On an uncharacteristically chilly/rainy day in July, I had the chance to interview (via Zoom) Ilia Aphtsiauri, one of the founding engineers in Veriff.
First of all, thank you for taking the time to talk to me today. To get our readers up to speed, could you first tell us a bit about yourself? For example, I know you’re originally from Georgia (the country). What brought you to Estonia?
You may or may not know, but there’s a pretty tight relationship between Estonia and Georgia. Estonia is kind of advertised as a powerhouse of technology in Europe. In particular university fairs that came to Georgia to promote Estonian universities (specifically Tartu University in my case) was the real decision maker. The opportunity to study and work alongside tech innovators was a pretty big selling point for me.
Ilia Aphtsiauri at Veriff. Photo by Jake Farra.
That’s great to hear that there’s a connection between the 2 countries. It seems like in Estonia, Georgia’s advertisement is more about visiting rather than studying.
Yes, and right now is actually a good time to visit in regard to a lot of the restrictions surrounding travel to other countries. In fact, as a tourist, it would probably be easier for you to travel there than it would be for me – considering quarantine measures, etc.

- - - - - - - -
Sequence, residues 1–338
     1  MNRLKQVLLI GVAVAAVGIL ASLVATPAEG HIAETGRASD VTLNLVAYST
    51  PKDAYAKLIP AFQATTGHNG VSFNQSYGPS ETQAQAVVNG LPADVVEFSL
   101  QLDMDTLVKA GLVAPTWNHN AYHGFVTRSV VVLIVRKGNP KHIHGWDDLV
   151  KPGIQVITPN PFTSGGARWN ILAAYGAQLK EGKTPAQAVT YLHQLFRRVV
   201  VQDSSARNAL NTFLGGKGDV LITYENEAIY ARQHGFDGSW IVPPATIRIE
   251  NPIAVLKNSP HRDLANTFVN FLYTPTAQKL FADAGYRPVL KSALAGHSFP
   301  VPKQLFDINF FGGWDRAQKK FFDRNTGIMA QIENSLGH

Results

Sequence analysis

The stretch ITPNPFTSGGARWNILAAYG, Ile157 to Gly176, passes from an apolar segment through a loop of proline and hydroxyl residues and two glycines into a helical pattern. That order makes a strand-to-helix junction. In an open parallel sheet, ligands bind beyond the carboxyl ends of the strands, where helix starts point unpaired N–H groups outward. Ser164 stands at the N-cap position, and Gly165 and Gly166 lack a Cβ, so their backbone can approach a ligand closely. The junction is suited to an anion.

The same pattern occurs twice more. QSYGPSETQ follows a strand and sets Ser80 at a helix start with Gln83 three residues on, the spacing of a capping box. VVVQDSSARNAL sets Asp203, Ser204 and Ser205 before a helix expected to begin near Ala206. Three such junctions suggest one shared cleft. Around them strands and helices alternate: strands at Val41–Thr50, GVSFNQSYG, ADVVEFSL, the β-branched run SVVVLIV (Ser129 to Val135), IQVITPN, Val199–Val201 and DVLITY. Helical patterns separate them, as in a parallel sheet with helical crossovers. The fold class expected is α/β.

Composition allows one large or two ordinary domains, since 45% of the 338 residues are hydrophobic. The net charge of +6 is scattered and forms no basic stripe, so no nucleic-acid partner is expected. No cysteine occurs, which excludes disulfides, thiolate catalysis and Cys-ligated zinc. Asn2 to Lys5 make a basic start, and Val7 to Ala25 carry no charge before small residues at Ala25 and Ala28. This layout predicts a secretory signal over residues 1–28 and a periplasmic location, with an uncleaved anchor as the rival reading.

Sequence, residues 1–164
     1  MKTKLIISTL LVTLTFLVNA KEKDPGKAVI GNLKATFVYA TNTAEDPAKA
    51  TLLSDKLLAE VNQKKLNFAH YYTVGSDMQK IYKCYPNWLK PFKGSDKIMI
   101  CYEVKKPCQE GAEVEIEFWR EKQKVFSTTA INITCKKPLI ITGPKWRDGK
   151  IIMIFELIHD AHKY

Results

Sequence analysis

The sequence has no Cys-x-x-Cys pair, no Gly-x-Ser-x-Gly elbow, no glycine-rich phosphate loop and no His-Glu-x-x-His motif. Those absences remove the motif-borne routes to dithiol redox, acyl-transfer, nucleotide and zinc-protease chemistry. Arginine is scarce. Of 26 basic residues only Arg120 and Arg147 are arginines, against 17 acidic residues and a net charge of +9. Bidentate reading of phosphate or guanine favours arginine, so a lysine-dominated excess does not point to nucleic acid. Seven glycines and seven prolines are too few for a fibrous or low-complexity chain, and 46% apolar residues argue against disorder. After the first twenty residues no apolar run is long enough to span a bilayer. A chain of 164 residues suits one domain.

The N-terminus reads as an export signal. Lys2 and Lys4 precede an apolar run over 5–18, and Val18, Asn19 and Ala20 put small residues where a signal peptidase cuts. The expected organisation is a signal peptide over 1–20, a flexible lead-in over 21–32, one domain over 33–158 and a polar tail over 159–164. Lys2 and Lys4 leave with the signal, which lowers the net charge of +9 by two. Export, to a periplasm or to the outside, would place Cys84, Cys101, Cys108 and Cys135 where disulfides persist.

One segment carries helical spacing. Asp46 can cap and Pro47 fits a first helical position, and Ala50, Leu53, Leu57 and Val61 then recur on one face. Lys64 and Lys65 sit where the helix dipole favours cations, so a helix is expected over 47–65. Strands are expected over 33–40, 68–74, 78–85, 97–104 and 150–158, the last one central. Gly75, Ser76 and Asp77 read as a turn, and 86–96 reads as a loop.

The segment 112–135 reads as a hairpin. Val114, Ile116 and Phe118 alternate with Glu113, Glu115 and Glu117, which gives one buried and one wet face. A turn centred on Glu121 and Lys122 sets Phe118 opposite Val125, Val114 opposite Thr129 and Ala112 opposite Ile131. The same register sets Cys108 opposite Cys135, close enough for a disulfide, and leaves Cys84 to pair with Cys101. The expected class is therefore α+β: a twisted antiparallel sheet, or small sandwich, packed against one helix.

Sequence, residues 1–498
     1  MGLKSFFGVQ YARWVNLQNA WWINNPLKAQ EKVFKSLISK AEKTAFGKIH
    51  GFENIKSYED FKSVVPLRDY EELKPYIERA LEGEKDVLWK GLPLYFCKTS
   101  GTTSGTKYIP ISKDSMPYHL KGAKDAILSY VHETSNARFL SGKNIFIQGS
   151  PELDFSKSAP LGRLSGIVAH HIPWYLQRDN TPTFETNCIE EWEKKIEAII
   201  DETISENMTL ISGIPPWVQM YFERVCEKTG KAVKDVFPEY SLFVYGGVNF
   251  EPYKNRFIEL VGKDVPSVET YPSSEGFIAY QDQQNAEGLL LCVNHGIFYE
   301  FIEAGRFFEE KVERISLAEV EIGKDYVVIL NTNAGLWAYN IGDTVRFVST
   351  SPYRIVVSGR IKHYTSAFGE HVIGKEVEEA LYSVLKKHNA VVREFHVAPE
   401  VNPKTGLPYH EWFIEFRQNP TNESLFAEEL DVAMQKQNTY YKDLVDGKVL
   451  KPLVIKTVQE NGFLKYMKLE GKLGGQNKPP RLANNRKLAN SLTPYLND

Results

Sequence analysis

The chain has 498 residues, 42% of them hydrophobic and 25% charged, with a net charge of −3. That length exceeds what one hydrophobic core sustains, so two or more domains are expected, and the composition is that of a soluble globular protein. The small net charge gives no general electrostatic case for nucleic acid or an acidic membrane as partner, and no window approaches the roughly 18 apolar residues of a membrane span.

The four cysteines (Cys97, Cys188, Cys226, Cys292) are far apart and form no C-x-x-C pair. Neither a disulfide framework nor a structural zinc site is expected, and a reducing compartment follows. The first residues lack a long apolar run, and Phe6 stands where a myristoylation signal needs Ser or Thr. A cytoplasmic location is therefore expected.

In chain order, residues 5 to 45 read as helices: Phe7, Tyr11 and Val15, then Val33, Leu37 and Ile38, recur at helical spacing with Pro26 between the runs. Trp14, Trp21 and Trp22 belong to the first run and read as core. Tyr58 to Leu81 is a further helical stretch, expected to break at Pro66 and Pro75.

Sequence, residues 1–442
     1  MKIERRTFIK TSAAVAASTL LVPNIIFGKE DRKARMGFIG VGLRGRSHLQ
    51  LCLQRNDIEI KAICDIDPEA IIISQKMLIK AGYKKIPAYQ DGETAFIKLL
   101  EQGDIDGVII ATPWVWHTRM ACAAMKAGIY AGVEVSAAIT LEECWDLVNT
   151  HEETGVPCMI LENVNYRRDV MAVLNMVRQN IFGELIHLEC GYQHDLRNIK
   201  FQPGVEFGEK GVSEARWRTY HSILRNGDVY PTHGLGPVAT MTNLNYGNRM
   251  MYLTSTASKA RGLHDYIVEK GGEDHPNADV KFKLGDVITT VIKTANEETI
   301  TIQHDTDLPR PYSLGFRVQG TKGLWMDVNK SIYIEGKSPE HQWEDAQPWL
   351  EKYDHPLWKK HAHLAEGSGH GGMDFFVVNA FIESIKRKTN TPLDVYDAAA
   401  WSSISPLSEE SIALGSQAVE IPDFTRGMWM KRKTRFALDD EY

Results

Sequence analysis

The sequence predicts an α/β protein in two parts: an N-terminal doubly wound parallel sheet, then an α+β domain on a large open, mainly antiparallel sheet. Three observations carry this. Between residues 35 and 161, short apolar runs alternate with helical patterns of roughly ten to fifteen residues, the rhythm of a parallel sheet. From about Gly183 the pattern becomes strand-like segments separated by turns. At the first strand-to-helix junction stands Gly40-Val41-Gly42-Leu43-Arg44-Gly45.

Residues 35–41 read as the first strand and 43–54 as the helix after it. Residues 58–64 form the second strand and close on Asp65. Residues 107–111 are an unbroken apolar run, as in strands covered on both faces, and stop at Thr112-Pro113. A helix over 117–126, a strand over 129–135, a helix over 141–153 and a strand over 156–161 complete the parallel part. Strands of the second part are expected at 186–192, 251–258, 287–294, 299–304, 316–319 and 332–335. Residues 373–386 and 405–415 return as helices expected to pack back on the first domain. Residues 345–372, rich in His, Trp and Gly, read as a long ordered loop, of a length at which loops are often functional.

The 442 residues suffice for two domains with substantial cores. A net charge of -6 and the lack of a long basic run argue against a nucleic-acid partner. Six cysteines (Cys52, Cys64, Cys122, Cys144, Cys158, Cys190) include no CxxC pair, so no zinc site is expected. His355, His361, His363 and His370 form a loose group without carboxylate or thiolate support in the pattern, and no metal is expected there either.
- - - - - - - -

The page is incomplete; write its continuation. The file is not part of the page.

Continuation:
You came here originally to study at Tartu University, how long ago was that?
It was 6 years ago, in 2014, that I came to get my Master’s in Software Engineering (I had finished my Bachelor’s in Georgia). Interestingly enough, when applying for jobs and putting down that I studied in Georgia, several people thought I meant the state rather than the country – for better or worse, I’m not sure.
Now that we know the why of how you came to Estonia, how did you first come across Veriff and what in particular attracted you to the company?
During my time at Tartu University, I was finishing up an internship and looking at current options when I stumbled upon a good example of Facebook advertising – an open position at Veriff. I opened up the job posting and saw all of the technologies they dealt with were ones that interested me and the webpage itself looked nice. Oddly, when I went to research more about the company, there was almost nothing at all to be found (Ilia says with a smile). Regardless, I still sent my CV and scheduled an interview - which accidentally ended up being via a Skype call while I was on a ski slope because I mixed up the days. During the unconventional interview, the full idea and mission statement were explained to me and it seemed to be something perfectly suited for me.